- The thinker: There’s not a lot of strategic thought here. The game is very tactical, with limited real choice throughout. But in a game of such tight margins those choice can have real impact. However, play to play, these choices are very similar – limiting replayability for those of us who want more depth. And for me, as a tactical game, it plays a little long. So on balance it’s not for me – but it is a strong design and one I’m happy to play occasionally.
- The trasher: The more players you have, the nastier Pillars of the Earth can get – but it’s very much passive aggressive. For example, there may be just one of a resource card available that turn. Even if it’s not much use to you, why not take it? You’ll guarantee to spoil someone else’s plans. And you can still sell the resources for money! That said, the market is always available to all players. So underneath all those tough decisions it really boils down to an efficiency engine. Will I play it? Sure – it’s better than all those heads-down euros. But will I pick it? Probably not, no.
- The dabbler: Really nice artwork does a pretty good job of making up for a dull theme. But to be honest, there’s no theme here to speak of. You certainly don’t feel as if you’re building a cathedral, no matter how nice and chunky the wooden blocks are! But despite that, I really enjoy the game. It’s fun and tricky deciding if to place your master builders for money, or to wait. And yes, it has that typical euro game ‘turn this into this to get points’ element. But it’s a simple progression, with more of the emphasis on competition and timing. I like it a lot.
It’s amusing to read recent criticisms of The Pillars of the Earth board game saying it has “nothing new”. Maybe these same people would criticise a ZX81 for not having HD quality graphics. That said, for a purchaser, the game does need to be judged on whether it stands up against modern alternatives. For me, with 3-4 players, it does. Which brings me on to the fact its not at it’s best with two. I still find it enjoyable, but it definitely loses some of its mojo. But, if you want less random, perhaps you’ll enjoy it more that way.
While I feel the randomness is required to make the push your luck elements sing, the level of luck is going to bother dedicated engine builders. And as it very much feels like a tactical game, I don’t think it’s a problem – especially as there are strong ways to mitigate situations. But if you want a game where you can plan your route to victor meticulously, this is not the game for you. That said, I disagree there is a lack of tension – the game has it in spades. Although it’s definitely of the randomness/push your luck kind.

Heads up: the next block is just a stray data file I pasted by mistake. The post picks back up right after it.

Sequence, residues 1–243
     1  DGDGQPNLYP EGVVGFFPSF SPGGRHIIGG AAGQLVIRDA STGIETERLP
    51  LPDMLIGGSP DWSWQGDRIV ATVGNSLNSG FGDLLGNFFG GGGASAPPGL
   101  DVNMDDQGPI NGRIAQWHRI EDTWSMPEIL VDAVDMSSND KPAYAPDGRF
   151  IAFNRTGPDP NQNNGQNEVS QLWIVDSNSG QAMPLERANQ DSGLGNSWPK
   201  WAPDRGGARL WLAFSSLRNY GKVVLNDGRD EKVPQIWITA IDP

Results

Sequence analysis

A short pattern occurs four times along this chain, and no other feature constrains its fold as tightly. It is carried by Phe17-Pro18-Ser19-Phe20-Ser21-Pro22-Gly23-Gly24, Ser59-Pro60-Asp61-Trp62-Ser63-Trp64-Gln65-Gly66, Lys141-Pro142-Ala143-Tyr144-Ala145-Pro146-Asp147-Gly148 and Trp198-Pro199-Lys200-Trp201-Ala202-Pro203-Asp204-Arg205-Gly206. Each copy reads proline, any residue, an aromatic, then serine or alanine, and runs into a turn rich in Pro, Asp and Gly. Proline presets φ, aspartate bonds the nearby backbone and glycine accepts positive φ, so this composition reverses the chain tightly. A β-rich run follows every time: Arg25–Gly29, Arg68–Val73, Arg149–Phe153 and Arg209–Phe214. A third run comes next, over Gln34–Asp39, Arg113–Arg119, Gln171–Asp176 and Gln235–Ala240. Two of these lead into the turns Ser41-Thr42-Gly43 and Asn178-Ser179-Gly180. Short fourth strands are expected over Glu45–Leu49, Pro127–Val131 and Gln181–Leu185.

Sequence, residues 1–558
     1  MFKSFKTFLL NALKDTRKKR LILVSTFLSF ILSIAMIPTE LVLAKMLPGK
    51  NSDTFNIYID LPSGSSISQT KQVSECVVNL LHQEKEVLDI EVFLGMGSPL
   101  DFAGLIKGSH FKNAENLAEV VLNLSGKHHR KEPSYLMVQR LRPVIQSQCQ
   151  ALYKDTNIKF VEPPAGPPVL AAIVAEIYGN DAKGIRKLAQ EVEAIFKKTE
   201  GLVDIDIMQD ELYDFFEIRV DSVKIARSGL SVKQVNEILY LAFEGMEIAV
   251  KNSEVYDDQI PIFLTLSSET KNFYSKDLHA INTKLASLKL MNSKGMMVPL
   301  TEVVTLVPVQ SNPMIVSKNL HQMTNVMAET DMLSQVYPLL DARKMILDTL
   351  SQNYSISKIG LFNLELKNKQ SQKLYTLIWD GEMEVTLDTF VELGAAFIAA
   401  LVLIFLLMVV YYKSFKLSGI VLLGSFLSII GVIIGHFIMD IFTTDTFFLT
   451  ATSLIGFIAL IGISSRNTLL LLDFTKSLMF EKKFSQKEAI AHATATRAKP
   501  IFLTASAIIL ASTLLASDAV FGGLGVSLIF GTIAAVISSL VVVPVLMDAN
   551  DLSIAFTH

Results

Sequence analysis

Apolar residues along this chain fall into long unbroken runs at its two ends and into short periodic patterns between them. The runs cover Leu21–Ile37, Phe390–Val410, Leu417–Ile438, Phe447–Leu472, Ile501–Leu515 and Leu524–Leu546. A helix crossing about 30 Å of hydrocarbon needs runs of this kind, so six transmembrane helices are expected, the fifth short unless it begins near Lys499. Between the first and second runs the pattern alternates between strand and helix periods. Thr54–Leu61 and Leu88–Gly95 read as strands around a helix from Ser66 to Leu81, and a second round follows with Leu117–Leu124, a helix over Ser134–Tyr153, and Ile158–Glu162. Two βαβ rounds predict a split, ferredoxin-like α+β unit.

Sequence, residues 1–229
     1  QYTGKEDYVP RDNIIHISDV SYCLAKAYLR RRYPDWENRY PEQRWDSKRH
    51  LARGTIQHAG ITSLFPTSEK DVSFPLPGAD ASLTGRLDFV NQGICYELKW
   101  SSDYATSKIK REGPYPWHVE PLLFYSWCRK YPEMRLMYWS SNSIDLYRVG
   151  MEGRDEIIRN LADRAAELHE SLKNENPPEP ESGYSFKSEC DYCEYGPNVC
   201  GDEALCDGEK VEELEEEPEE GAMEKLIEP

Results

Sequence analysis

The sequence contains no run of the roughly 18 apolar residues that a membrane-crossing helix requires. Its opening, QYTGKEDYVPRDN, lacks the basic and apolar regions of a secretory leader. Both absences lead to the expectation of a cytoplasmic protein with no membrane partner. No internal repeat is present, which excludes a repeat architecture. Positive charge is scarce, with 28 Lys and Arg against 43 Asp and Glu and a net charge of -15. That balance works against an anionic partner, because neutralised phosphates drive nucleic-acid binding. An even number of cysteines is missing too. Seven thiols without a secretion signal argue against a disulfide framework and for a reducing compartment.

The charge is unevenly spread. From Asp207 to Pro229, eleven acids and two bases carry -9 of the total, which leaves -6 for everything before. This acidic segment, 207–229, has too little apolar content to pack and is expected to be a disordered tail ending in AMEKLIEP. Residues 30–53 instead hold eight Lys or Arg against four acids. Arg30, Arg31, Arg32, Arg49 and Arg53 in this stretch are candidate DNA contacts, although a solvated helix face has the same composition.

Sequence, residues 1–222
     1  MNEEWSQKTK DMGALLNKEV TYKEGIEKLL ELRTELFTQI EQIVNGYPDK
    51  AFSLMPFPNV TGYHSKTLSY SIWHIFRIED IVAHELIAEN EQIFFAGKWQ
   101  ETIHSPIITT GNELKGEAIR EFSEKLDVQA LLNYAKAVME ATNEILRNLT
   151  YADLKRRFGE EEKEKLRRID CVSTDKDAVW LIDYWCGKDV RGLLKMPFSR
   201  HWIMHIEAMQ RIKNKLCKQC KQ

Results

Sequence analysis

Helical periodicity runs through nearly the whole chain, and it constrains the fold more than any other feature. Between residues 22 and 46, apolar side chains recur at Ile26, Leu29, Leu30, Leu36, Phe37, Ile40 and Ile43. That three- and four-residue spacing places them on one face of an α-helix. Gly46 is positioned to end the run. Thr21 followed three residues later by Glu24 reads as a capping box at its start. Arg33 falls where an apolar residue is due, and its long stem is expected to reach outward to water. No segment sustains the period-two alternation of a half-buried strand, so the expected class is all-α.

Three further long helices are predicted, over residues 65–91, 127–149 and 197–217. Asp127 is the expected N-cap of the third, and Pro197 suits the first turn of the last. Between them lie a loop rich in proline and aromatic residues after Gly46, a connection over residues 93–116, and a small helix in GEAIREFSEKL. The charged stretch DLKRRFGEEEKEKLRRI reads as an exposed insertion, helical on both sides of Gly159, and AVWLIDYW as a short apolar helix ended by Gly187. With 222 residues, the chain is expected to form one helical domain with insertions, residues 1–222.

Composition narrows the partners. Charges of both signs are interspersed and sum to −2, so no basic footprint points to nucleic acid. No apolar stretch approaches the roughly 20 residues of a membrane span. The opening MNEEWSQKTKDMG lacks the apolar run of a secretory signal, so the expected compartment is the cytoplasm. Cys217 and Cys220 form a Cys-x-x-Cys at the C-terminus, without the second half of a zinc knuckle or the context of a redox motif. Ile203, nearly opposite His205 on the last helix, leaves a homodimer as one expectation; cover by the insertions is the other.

One criticism I do sympathise with is replayability. Many of the ‘random’ card draw elements have strict rounds they come out in. While with others you see most of the cards each game. Gamers playing regularly will soon grok where and when certain cards will appear. While other draws will be useless late in the game, meaning fewer interesting choices. An expansion was released in 2007. But Kosmos (who recently re-released the game) has not put it back out. It adds space for two more players, plus many more board and card options. But right now it’s very hard to get hold of.
Finally it’s fair to say that, for the amount of strategy (not much), the game does play a little long. Because the fact it’s almost totally tactical means you’re constantly needing to re-evaluate your position. Do I mind this? Personally, no. But it can make for a long game – especially with players who suffer from analysis paralysis.
Conclusion: The Pillars of the Earth board game
Despite some pretty legitimate criticisms, this game has stood the test of time. Why? Because it’s a fantastic gateway to the euro game genre. Personally, I find it way more enjoyable than Lords of Waterdeep. And different enough from Stone Age to stand alongside it. The fantastic board art and accessible theme give it extra new gamer points. While the ease of teaching also works in its favour. But unless you can find the expansion, I can’t really recommend it for more experienced gamers. As for me, it’s a keeper. I love a euro game that makes me think about pushing my luck. And as my games don’t get too many plays, I’m sure my groups will be untroubled by any replayability problems!